Here’s a fun post … though imo the title may be the best part … about the way medieval scribes protected their work.
Given the extreme effort that went into creating books, scribes and book owners had a real incentive to protect their work. They used the only power they had: words. At the beginning or the end of books, scribes and book owners would write dramatic curses threatening thieves with pain and suffering if they were to steal or damage these treasures.
Here’s a nice, detailed example:
“For him that stealeth, or borroweth and returneth not, this book from its owner, let it change into a serpent in his hand & rend him. Let him be struck with palsy & all his members blasted. Let him languish in pain crying aloud for mercy, & let there be no surcease to his agony till he sing in dissolution. Let bookworms gnaw his entrails in token of the Worm that dieth not, & when at last he goeth to his final punishment, let the flames of Hell consume him for ever.”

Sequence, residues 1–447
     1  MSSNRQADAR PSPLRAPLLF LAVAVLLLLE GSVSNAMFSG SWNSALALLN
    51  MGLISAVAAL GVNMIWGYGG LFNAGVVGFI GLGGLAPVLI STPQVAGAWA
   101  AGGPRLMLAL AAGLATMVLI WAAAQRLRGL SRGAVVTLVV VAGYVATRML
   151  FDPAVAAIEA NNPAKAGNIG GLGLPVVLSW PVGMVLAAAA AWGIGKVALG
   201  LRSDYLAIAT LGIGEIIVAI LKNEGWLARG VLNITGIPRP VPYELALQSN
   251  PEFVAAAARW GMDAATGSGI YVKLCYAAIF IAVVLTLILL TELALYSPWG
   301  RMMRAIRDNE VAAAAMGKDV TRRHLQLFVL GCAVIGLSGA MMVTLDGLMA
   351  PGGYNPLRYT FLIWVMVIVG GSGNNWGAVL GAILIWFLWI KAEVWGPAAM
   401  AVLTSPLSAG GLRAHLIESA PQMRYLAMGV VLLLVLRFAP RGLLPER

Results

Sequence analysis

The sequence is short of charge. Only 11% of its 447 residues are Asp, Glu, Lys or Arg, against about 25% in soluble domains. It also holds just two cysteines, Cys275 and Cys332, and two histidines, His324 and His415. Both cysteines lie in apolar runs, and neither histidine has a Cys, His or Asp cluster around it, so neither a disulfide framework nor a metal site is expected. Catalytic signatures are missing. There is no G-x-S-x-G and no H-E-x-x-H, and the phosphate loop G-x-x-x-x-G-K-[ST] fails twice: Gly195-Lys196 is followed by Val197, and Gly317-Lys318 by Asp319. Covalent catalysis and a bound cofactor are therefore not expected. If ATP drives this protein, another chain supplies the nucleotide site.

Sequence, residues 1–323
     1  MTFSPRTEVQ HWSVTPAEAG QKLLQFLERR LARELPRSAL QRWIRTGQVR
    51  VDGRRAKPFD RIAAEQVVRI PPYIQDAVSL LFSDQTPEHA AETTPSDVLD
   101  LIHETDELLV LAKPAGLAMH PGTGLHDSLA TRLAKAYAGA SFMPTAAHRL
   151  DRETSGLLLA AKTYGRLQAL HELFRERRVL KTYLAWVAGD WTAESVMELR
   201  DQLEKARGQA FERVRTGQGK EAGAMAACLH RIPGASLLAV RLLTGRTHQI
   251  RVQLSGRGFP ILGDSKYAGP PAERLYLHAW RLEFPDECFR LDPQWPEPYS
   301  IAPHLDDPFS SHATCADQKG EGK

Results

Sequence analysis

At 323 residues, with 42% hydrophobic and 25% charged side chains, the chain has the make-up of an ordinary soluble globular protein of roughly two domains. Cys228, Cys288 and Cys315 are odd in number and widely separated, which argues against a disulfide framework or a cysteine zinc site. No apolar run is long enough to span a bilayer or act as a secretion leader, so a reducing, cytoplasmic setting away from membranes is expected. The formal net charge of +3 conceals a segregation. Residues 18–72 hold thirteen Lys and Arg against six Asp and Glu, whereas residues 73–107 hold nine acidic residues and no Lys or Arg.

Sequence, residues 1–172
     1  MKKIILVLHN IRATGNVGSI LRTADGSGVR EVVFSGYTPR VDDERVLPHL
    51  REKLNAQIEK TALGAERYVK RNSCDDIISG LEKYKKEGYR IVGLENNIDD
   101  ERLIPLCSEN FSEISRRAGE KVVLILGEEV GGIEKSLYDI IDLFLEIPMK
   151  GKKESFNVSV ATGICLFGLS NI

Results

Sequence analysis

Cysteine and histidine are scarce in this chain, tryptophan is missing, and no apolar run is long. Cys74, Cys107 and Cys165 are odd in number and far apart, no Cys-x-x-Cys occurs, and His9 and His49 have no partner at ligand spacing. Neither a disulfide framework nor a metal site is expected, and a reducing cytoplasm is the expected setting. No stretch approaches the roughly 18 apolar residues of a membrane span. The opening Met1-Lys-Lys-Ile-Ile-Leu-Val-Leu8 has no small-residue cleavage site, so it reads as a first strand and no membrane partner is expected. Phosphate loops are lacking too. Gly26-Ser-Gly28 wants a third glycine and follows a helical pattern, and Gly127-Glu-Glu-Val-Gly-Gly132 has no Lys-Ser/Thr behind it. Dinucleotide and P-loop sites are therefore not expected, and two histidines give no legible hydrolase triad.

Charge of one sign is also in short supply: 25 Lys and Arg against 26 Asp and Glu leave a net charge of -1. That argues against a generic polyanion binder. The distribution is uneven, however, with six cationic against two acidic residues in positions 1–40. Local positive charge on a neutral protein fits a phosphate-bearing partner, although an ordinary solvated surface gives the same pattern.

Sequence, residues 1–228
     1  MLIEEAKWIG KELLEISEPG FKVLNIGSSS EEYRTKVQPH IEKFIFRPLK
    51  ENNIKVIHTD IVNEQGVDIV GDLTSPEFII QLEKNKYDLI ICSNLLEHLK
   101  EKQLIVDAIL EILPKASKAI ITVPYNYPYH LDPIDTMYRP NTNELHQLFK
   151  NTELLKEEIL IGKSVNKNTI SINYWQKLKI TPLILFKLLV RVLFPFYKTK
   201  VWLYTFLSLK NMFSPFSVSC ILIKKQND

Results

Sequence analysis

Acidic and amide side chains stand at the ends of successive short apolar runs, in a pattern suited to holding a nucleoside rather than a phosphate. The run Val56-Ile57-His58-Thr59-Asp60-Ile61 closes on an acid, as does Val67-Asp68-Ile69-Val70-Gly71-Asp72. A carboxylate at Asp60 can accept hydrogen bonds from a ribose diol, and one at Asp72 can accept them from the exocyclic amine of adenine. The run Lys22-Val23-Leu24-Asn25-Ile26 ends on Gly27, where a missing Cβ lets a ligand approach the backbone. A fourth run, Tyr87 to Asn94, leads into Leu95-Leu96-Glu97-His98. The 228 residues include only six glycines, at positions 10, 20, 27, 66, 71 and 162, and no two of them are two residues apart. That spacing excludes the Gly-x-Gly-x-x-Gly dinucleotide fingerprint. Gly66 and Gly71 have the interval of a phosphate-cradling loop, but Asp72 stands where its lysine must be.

Yep, that packs more of a wallop than your typical library fine.